Danny's request for guidance
More than 70 years ago, Danny Thomas, then a struggling young entertainer with a baby on the way, visited a Detroit church and was so moved during the Mass, he placed his last $7 in the collection box. When he realized what he’d done, Danny prayed for a way to pay the looming hospital bills. The next day, he was offered a small part that would pay 10 times the amount he’d given to the church. Danny had experienced the power of prayer.
Two years later, Danny had achieved moderate acting success in Detroit, but he was struggling to take his career to the next level. Once again, he turned to the church. Praying to St. Jude Thaddeus, the patron saint of hopeless causes, Danny asked the saint to “help me find my way in life, and I will build you a shrine.”
Help me find my way in life, and I will build you a shrine.
His career took a turn for the better, and soon he moved his family to Chicago to pursue career offers. A few years later, at another turning point in his life, Danny visited a church and remembered his pledge to St. Jude. Again he prayed to St. Jude and repeated his pledge to build a shrine to the saint if he would show him the way.
In the years that followed, Danny's career flourished through films and television, and he became an internationally known entertainer. He was on Make Room for Daddy, later known as The Danny Thomas Show, and he remembered his pledge to build a shrine to St. Jude.
Fulfilling his vow
In the early 1950s, Danny began discussing with friends what concrete form his vow might take. Gradually, the idea of a children’s hospital in Memphis, Tennessee, where it would be the first fully integrated hospital in the South, took shape. In 1955, Danny Thomas and a group of Memphis business people who had agreed to help support his dream seized on the idea of creating a unique research hospital devoted to curing catastrophic diseases in children. More than just a treatment facility, this would be a research center for the children of the world, regardless of race, religion or financial status.
St. Jude has helped push the overall survival rate for childhood cancer from 20% when we first opened our doors to 80% today. We won’t stop until no child dies from cancer.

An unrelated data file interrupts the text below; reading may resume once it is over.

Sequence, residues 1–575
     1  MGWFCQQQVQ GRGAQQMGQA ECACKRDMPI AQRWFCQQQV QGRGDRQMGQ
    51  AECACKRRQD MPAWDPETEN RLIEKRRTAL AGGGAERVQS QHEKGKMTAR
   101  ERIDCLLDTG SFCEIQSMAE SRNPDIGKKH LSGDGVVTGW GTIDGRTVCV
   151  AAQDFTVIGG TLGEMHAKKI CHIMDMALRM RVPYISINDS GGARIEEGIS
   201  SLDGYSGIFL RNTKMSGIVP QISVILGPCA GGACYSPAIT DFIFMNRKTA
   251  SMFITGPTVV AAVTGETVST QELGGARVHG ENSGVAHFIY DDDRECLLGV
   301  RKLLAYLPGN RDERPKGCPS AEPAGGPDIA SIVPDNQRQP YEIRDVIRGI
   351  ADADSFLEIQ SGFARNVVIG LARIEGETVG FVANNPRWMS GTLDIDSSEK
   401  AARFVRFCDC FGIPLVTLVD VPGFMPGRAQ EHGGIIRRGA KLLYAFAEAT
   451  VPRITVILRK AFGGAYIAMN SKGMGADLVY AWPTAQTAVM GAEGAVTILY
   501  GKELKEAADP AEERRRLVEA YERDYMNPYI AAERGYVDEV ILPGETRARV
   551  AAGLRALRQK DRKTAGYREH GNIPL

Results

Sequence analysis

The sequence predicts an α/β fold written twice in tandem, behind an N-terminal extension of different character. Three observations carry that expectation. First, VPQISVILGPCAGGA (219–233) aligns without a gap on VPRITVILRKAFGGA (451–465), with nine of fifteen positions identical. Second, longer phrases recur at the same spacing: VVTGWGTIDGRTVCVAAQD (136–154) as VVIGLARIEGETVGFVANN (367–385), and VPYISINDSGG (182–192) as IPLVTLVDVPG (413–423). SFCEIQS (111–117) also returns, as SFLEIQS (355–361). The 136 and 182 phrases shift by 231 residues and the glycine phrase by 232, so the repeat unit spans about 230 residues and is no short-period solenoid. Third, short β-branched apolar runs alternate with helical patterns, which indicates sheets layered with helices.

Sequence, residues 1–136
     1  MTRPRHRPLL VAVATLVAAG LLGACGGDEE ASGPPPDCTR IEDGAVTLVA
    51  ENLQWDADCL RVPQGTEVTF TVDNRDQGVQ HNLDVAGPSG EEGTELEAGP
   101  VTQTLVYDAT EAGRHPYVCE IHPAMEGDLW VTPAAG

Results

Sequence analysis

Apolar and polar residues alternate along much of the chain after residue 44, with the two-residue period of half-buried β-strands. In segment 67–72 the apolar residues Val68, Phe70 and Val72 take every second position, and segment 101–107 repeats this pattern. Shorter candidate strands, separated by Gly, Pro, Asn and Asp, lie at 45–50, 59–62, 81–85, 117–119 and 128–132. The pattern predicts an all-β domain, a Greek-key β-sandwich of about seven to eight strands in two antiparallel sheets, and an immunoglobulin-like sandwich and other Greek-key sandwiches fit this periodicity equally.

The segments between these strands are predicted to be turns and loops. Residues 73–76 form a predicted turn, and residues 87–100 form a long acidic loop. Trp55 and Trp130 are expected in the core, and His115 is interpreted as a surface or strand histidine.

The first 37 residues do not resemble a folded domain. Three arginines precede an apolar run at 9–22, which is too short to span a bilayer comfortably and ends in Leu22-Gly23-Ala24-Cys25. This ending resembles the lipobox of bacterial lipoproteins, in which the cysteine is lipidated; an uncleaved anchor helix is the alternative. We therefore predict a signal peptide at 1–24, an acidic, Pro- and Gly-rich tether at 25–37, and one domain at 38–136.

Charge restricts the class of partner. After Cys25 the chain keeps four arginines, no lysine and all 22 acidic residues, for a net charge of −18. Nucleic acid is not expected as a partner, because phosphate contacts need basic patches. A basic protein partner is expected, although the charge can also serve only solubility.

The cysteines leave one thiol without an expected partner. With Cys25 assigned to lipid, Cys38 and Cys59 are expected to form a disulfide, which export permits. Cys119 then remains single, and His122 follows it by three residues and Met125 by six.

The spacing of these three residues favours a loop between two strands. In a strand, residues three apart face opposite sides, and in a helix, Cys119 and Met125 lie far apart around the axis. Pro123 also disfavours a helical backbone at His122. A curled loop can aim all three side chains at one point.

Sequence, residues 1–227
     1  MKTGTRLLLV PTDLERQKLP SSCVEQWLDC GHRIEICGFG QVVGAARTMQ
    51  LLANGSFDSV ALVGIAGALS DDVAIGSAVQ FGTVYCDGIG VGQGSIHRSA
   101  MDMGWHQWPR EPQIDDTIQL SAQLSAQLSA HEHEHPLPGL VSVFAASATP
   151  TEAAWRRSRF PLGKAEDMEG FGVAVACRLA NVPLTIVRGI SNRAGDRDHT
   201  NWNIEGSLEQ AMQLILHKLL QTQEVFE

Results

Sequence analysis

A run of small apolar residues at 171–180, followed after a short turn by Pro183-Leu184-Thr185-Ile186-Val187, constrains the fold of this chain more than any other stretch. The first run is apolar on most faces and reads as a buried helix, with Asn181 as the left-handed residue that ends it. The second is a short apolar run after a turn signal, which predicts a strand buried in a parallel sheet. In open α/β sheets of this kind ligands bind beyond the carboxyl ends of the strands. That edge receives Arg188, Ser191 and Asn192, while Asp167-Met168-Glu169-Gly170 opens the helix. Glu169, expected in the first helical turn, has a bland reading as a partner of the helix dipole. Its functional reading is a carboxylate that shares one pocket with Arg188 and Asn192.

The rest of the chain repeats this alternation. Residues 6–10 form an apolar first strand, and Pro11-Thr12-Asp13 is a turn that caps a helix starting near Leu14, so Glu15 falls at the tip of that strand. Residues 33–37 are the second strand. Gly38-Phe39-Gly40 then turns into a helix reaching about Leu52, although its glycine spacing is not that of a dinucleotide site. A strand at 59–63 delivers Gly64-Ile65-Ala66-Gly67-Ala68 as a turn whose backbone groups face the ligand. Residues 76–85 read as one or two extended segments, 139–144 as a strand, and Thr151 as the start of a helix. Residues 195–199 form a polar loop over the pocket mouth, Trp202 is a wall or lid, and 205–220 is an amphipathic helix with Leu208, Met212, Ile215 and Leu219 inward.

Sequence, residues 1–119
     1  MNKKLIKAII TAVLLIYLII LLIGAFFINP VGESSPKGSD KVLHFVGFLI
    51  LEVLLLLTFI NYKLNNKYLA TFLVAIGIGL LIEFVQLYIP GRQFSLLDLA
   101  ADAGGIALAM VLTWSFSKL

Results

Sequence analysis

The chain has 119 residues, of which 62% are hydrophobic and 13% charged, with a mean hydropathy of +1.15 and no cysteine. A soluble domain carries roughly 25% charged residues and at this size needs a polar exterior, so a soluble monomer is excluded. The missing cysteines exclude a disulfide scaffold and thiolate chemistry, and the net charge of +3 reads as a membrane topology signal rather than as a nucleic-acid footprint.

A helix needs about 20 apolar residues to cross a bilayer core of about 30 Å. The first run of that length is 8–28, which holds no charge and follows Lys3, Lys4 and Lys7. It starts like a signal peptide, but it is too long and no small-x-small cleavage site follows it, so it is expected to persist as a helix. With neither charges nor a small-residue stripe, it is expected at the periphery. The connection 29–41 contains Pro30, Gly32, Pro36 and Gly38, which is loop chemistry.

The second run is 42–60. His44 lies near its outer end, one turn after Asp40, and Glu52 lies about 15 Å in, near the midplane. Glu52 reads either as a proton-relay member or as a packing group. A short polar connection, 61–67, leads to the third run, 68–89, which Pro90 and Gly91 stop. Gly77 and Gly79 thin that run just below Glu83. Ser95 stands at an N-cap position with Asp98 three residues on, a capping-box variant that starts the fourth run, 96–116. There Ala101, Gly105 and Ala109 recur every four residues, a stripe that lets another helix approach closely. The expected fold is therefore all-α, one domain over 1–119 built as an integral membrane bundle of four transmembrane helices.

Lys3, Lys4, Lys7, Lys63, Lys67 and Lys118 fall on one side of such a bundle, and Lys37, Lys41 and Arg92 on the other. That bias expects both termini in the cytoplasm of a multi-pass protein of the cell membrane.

Danny started raising money for his vision of St. Jude in the early 1950s. By 1955, the local business leaders who had joined his cause began area fundraising efforts, supplementing Danny's benefit shows that brought scores of major entertainment stars to Memphis. Often accompanied by his wife, Rose Marie, Danny crisscrossed the United States by car, sharing his dream and raising funds at meetings and benefits. The pace was so hectic that Danny Thomas and his wife once visited 28 cities in 32 days. Although Danny Thomas and his friends raised the money to build the hospital, they now faced the daunting task of funding its annual operation.
To solve this problem, Danny, of Lebanese descent, turned to his fellow Americans of Arabic-speaking heritage. Believing deeply that these Americans should, as a group, thank the United States for the gifts of freedom given their parents, Danny also felt the support of St. Jude would be a noble way of honoring his immigrant forefathers who had come to America.
Danny’s request struck a responsive chord. In 1957, 100 representatives of the Arab-American community met in Chicago to form ALSAC® with a sole purpose of raising funds for the support of St. Jude Children’s Research Hospital.
Since that time, with national headquarters in Memphis and regional offices throughout the United States, ALSAC has assumed full responsibility for all the hospital’s fundraising efforts, raising hundreds of millions annually through benefits and solicitation drives among Americans of all ethnic, religious and racial backgrounds. Today, ALSAC is the nation’s largest health-care charity and is supported by the efforts of more than 1 million volunteers nationwide.
His dream lives on
Through striking improvements in the care of pediatric leukemias and numerous forms of solid tumors, St. Jude has brought about improved health care for children all over the world. St. Jude physicians and scientists have pioneered treatments that have helped push the overall survival rates for childhood cancers from 20 percent when the hospital opened in 1962 to 80 percent today.
From a promise of “Help me find my way in life, and I will build you a shrine” to the fulfillment of his dream, Danny lived to see his little hospital become an international beacon of hope for the catastrophically ill children of the world. The founder of St. Jude and ALSAC died on February 6, 1991, just two days after joining patients, parents and employees to celebrate the hospital’s 29th anniversary. He was laid to rest in a family burial crypt at the Danny Thomas/ALSAC Pavilion on the grounds of the hospital. On July 12, 2000, his wife, Rose Marie, passed away and now lies with her beloved husband in the Danny and Rose Marie Thomas Memorial Garden. Today, their daughters, Marlo and Terre, and son, Tony, carry on their parents’ work and remain a driving force in fulfilling their father’s mission. Danny Thomas is gone, but his dream lives on.
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